Study groups are an excellent and engaging way for students to work together. Photo Source: Unsplash
Your child’s self-confidence and their success in learning are intrinsically tied together by a fine thread. To unleash your child’s maximum potential, you may have to do more than send them to sit in a class full of other students with only 1 teacher to develop their minds.
When your child feels successful and talented, they will naturally do better in school. But it is likely, in the personalized sessions that they will really achieve their academic brilliance.
When you are ready to select your tutor, it can be overwhelming to actually know how to get started in making the right decision for your child. One of the easiest ways to find a tutor for your child is to pick one using the referral of other parents or hire a teacher at your child’s school. But if you don’t know anyone who can point you in the right direction. You will need to do your own research and due diligence.
Safety – make sure you do your due diligence and get a Disclosure and Barring Service (DBS) check to make sure that they don’t have a criminal record.
Knowledge – Make sure that they are actually experienced in the subject that you are hiring them to teach. This could be by them having a certification a bachelor’s degree or lots of experience in the topic.
Communication – Make sure you communicate clearly what your goals are for the sessions. So that you can see progress and know that you are achieving your target outcomes.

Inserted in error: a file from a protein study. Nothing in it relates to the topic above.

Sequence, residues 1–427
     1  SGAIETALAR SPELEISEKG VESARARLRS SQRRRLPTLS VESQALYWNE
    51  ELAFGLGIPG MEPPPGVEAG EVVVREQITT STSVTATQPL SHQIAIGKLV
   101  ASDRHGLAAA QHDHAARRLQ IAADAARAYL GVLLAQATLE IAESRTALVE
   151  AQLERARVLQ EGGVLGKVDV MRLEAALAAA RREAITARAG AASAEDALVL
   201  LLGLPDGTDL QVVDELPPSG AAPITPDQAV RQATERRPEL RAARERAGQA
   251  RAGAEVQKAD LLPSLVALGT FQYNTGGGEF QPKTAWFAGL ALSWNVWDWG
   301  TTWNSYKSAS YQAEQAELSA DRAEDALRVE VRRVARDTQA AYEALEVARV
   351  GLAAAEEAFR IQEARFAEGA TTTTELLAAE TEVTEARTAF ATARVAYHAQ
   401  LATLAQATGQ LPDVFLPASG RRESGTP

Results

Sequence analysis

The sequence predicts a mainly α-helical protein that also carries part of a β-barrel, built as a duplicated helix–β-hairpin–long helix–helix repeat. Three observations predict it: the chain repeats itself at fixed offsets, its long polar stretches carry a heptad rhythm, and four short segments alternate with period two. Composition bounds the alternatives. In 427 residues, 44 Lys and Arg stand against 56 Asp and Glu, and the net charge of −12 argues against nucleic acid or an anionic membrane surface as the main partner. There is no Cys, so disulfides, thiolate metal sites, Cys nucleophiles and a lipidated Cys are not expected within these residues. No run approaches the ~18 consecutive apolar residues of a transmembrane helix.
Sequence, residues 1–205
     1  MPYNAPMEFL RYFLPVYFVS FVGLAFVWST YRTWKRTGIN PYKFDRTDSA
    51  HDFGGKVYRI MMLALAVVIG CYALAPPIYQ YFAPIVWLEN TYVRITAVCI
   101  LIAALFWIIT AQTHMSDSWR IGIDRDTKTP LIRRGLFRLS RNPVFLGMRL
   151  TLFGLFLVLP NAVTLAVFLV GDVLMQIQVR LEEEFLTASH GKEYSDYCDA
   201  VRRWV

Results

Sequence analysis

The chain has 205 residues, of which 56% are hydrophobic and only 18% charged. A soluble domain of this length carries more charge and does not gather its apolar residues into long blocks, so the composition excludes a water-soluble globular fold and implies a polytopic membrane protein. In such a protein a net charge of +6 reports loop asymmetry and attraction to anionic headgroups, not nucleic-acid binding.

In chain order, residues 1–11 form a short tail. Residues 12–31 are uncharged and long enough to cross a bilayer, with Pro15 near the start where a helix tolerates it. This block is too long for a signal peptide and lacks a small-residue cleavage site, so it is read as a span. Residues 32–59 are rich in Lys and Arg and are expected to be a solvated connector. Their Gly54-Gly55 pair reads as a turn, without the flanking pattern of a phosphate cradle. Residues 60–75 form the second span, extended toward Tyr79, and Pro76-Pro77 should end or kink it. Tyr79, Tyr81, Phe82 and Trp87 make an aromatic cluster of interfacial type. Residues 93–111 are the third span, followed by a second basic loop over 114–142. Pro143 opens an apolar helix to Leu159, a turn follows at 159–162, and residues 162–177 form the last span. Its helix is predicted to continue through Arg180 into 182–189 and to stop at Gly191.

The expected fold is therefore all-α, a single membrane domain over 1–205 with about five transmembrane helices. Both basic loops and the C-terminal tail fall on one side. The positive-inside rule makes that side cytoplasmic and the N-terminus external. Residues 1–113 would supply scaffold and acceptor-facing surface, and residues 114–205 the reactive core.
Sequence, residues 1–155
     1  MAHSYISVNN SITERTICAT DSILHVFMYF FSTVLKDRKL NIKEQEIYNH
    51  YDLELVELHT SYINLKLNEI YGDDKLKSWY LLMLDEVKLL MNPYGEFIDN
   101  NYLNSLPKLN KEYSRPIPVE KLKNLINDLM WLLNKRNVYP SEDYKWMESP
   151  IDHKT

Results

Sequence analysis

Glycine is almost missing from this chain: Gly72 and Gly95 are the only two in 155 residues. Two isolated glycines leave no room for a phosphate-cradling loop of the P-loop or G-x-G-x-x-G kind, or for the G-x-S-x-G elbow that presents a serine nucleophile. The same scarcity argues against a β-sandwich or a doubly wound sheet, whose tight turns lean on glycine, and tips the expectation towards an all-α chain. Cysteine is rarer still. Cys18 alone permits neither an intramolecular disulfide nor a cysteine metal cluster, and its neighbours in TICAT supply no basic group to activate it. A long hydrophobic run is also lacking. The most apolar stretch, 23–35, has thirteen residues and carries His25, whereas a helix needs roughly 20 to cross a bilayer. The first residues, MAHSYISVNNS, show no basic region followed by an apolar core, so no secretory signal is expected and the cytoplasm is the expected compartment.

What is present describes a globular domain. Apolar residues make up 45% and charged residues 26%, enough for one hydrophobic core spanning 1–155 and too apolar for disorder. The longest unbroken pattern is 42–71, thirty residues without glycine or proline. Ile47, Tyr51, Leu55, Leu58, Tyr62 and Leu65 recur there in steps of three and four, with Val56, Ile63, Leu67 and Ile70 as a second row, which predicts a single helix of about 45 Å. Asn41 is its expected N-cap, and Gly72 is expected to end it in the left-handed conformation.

Many tutors specialise in working with babies, preschool, and kindergarten aged children. Photo Source: Unsplash
Early childhood education is a priority for preschool children because from as early as age 2 years old, they are already being academically assessed. With the main areas of assessment being:
Ensuring, the best opportunity for your child to engage with an academic support tutor, mentor or educator will go a long way to establishing confidence, self-achievement and the ability for your child to reach their maximum potential.
Many tutors specialise in working with babies, preschool, and kindergarten aged children. Sessions for younger students can focus on play, cognitive and behavioural learning. But integrating private tuition into your child’s experience as soon as possible, will create a natural learning environment for your child. Setting a positive foundation for seamless academic success, from early childhood to adulthood.
Remember that your child needing extra educational support is not about blame, shame or failure. Getting extra help for any student is an honour as they will have access to personalized learning at their own pace. After working with a private tutor not only will they get back on track but their academic performance could also excel as their talents and confidence increase.
The effectiveness of one and one support for children who are attending public school shines a spotlight on the problem. Of teachers who are expected to teach large classrooms of pupils successfully and have them all have equal access to success. This is an unrealistic expectation, and the children are the ones suffering for it. For students to reach their maximum potential parents, need to be on the ball and thinking outside of the box with a focus on transforming struggle into success.
When the mainstream school system is falling short, how can you use your parental power to ignite your child’s potential?